Sex and Sexuality on Stage

A friend recently turned and said to me, Oh, youre a dancer. Thats so great that youre in touch with your feminine side! I replied: “dance is masculine, Woman!” It reminded me that aspects of our life today are embedded with expectations of gender and sexuality. Dance is inherently neither masculine, nor feminine. Dance is also neither straight nor gay.

In performance practice, there are issues of character creation that legitimately come into play. Classical and narrative dance relies on the creation of character, and so of necessity, stereotypes are used. In the use of character within abstract work, however, it seems frequently as though our community is a dog being wagged by its tail. We seem to rely on the same character types that much of the work is seeking to both acknowledge and dissolve.

Artists are the visionaries who create the new world. At least thats what it says in our press packet. And so while we are representatives of communities, we are also leaders, responsible for helping others find the new light, the new way, the truth, and the way away from The Guiding Light. When we pay homage too deeply to existing stereotypes of humanity we lose our ability to express a more complex, holistic humanity.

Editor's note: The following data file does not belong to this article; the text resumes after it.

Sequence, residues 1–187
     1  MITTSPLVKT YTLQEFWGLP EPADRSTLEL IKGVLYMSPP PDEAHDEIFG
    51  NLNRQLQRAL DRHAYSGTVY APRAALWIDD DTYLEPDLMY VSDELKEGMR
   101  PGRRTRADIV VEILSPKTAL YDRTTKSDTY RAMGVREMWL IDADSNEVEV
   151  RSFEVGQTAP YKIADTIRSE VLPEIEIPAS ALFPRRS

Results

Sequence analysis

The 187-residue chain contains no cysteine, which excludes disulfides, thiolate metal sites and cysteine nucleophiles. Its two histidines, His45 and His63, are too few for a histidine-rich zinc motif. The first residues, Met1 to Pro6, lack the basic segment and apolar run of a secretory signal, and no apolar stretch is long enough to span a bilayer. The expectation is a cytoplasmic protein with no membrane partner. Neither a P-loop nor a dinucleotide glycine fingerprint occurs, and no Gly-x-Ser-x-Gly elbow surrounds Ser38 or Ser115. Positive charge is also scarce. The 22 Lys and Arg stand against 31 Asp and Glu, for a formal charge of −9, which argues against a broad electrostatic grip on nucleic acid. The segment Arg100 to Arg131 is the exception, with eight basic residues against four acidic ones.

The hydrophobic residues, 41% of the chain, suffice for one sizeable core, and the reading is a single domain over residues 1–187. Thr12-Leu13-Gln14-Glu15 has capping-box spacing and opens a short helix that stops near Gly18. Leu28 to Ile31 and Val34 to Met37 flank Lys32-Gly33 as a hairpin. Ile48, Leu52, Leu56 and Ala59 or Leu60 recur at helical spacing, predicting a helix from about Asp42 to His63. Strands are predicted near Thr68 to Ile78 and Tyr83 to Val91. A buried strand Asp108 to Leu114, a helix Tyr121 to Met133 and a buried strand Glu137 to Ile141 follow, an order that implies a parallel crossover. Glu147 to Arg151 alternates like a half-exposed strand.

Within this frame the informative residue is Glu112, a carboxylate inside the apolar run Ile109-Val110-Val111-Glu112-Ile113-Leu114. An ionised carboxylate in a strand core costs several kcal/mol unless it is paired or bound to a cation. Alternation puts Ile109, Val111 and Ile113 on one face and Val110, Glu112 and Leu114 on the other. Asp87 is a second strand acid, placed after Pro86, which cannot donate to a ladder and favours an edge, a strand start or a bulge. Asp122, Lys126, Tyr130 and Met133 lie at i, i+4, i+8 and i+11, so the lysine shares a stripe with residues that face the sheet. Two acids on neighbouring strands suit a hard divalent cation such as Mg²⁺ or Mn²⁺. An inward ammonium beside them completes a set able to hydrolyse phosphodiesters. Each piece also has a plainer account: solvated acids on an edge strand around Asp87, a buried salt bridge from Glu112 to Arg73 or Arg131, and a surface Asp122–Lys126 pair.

Art – dance inclusive – has always been a home for the alternative. Artists are different. Today as all members of the society jockey for full participation, artists are unfortunately making our own acceptance more difficult by producing work that fetishizes notions of masculine, feminine, straight, and gay. To the degree that we as artists prepare the audience to see the world in stereotypes, we perpetuate a society that only knows how to know through separation.